An account of car factory sabotage

A brief account of sabotage at a car manufacturers in Detroit by Eugene, a carburator assembler.

Submitted by libcom on December 29, 2005

It's common to hear people complain about American cars breaking down and having problems; there's always some goddamn thing wrong with them. It's almost always internal, and they have to take the car back to the shop and figure out what's wrong with it. It's not an accident or a fluke. These machines are designed by engineers who know what they're doing. They're precise. It's the people putting them together who aren't quite as precise as the engineers would like them to be.

I worked manufacturing carburetors in Detroit. There was one particular carburetor that you could place a BB in and it was there for life. The only way you could see it was if you x-rayed it. The only way to fix it was to replace the carburetor. It would be an intermittent problem with your carburetor you'd never know when it was going to strike. Usually it would hit you when you were going downhill.

Anytime we got a chance to do internal parts, like a carburetor, we would screw them up purposely. We would put in bolts that were the wrong size. We would do anything we could to make the carburetors dysfunctional. We did this to as many carburetors as possible.

I inspired and taught many others. They were bored out of their minds. It was such a relief for them to take that screwdriver and damage that part internally, knowing that no one would know they did it.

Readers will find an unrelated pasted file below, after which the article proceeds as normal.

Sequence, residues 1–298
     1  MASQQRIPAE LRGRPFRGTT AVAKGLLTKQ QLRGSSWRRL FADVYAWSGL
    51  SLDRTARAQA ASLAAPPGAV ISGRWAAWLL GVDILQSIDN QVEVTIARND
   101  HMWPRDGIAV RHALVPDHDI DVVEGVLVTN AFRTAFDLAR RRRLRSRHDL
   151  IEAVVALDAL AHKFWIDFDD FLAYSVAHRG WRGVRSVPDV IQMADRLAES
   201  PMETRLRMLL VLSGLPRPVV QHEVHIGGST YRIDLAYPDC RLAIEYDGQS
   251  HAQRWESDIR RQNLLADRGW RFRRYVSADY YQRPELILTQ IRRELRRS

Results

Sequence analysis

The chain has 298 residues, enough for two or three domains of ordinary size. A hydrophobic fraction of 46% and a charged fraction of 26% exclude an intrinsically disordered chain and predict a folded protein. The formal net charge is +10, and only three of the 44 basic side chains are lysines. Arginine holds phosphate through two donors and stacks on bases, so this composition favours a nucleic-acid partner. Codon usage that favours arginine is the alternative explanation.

The goal was to wreak the most blatant destruction without getting caught. The most insidious thing, of course, was dealing with internal parts of engines and inside door panels. Workers might take a pair of pliers and pop off just one cog on the end of the plastic crank. There's a gear inside that's plastic and when you roll the window up and the cog is popped off; eventually that window won't work. With wiring and electronic parts, you could do countless things so that initially it works, but later on you'll have problems. You can't find out the source of the problem, who did it, or how it happened. That's the beauty of it.

Sabotage is different than revenge because it's a means by which you can express yourself and free yourself from oppression and dehumanisation. You aren't attacking a person, you're dealing with an issue. It's satisfying to know that you're causing long- term problems for the industry. For the first time in my life, I saw other people like me who were drudging through life, making pretty good money and benefits, but whose lives were shit. Being human is so wonderful. If we're pushed apart from that, we tend to struggle because you can't be human in America and work in industry.

When you work for the auto industry, profit is number one. Although they say they're not doing it anymore, they've cut back on quality. They're trying to compete with Japan, but the only way to do that is to treat the most important person in the industry - the worker - as a human being.

They don't treat you like a human being, they treat you like a robot, and your function is to produce the profit. You're dehumanised. The carburetors were our way of equalising the situation.

I caused a lot of damage. Not only did I teach and encourage others to do it, I caused many Americans strife and heartache and taught them the lesson not to buy from that particular company. The auto industry got a bad rap because of it. The fear and dissatisfaction from driving a car that breaks down all the time are going to stick.

This is an edited extract from Sabotage in the American Workplace by Martin Sprouse taken from

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